In all, the focus of economics should be on the benefit and bounty that the economy produces, on how to let this bounty increase, and how to share the benefits justly among the people for the common good, removing the obstacles that hinder this process. Above all else the purpose of the economy should be to provide basic human needs as well as the means of establishing, maintaining, and nurturing human relationships while dealing justly with future generations (sustainability) and ethically with all life on earth (ecological balance).
Here we should recall the wisdom of Adam Smith, “father of modern economics”, who was a great moral philosopher first and foremost. In 1759, sixteen years before his famous Wealth of Nations, he published The Theory of Moral Sentiments, which explored the self-interested nature of man and his ability nevertheless to make moral decisions based on factors other than selfishness. In The Wealth of Nations, Smith laid the early groundwork for economic analysis, but he embedded it in a broader discussion of social justice and the role of government. Today we mainly know only of his analogy of the ‘invisible hand’ and refer to him as defending free markets; whilst ignoring his insight that the pursuit of wealth should not take precedence over social and moral obligations, and his belief that a ‘divine Being’ gives us ‘the greatest quantity of happiness’. We are taught that the free market as a ‘way of life’ appealed to Adam Smith but not that he distrusted the morality of the market as a morality for society at large. He neither envisioned nor prescribed a capitalist society, but rather a ‘capitalist economy within society, a society held together by communities of non-capitalist and non-market morality’. As it has been noted, morality for Smith included neighbourly love, an obligation to practice justice, a norm of financial support for the government ‘in proportion to [one’s] revenue’, and a tendency in human nature to derive pleasure from the good fortune and happiness of other people.
In summary, with each passing day, it is also increasingly evident in every corner of our world that great change is upon us and that by standing together in mutual respect, honour and dignity for one another, we will answer this call with creative, viable and sustainable solutions.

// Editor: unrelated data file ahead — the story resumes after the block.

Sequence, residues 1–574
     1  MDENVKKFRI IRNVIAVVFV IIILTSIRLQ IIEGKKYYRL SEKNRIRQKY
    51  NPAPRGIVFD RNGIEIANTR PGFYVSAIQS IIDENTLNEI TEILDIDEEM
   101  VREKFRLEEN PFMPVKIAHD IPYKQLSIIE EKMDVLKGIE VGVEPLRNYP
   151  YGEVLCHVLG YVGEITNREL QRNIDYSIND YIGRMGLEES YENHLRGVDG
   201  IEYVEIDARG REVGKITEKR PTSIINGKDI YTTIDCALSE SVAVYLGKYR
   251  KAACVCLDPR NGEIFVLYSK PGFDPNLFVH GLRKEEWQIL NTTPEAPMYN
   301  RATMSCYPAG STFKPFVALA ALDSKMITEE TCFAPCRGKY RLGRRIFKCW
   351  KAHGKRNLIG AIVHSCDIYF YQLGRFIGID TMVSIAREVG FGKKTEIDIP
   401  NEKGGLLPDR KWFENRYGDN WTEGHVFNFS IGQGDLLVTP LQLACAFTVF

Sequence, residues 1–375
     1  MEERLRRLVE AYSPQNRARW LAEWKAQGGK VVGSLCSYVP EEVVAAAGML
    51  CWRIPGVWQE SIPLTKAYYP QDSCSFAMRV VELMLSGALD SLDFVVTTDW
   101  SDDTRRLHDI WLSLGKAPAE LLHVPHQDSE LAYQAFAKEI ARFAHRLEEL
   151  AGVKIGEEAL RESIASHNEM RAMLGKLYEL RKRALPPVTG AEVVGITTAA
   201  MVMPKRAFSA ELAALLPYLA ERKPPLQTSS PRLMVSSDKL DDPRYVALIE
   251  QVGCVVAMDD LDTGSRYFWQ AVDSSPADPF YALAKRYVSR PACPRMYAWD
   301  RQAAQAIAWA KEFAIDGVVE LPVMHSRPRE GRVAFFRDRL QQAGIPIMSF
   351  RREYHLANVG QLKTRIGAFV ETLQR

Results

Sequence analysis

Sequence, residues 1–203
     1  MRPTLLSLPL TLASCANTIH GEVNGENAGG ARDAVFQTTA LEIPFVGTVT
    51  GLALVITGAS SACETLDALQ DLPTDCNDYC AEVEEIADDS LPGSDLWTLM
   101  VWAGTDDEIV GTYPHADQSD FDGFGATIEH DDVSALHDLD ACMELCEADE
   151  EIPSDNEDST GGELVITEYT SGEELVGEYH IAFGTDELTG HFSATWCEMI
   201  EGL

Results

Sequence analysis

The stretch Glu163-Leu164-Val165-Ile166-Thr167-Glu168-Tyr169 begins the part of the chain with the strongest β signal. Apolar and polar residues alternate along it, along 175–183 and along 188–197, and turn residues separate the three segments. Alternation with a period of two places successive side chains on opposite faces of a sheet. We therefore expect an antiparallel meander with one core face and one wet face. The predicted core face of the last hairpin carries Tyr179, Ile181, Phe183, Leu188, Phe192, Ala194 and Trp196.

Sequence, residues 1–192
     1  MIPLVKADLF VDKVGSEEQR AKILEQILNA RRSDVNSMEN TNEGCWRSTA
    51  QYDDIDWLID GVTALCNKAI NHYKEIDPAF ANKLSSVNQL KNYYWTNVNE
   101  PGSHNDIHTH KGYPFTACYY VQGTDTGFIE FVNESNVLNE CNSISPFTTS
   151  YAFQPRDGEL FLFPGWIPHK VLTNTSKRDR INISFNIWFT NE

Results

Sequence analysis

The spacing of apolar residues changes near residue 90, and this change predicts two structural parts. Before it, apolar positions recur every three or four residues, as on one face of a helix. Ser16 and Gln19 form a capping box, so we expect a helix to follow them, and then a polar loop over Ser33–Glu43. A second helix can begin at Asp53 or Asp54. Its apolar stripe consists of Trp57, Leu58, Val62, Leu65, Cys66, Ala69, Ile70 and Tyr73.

We must take the necessary steps now to reach out to our fellow humans and extend our hand in forgiveness, acceptance and genuine friendship. Our choices will be made from compassion while embracing the richness of our amazing diversity. The love and acceptance we have for ourselves will be the source of our strength to assist others. Together we can and will make a difference through dialogue of civilisations, principle of Oneness and consideration of the common good.
The vision and direction as depicted above is the correct and the right path. This is so, as hundreds of thousands of people, young and old, employed and unemployed, black and white, men and women, they all came together in a continuing and lasting global oneness, dialogue of civilisations and consideration for the common good on Saturday 15 October 2011, in thousand cities, 82 countries and six continents, from Zuccotti Park in New York, to St. Paul’s in London; Frankfurt to Madrid, Wall Street to Athens, Rome to Sydney and more, demanding a better, kinder and more humane world, the very same values that all the wise people and committed civil societies have been championing from the very long time.
Look around you; do you see an alternative path? In the wise words of the Persian sage and poet, Rumi, “Out beyond ideas of wrong-doing and right-doing, there is a field. I'll meet you there.”
- Written by: Kamran Mofid
- Hits: 4541
This year I attended my eighth Rhodes Forum. I cannot begin to express how inspiring and rewarding our Rhodes Forum 2011 has been for me and all other participants and delegates. We all left the Forum much energized and hopeful for a better future for our troubled world. We engaged with each other and debated many issues and challenges and we all discovered how the WPFDC is so well placed to provide the solutions needed to guide us to a better world. Of course the icing on the cake for me was when our good friend, Prof. Fred Dallmayr, addressed us all as the new Co-Chairman of the WPFDC.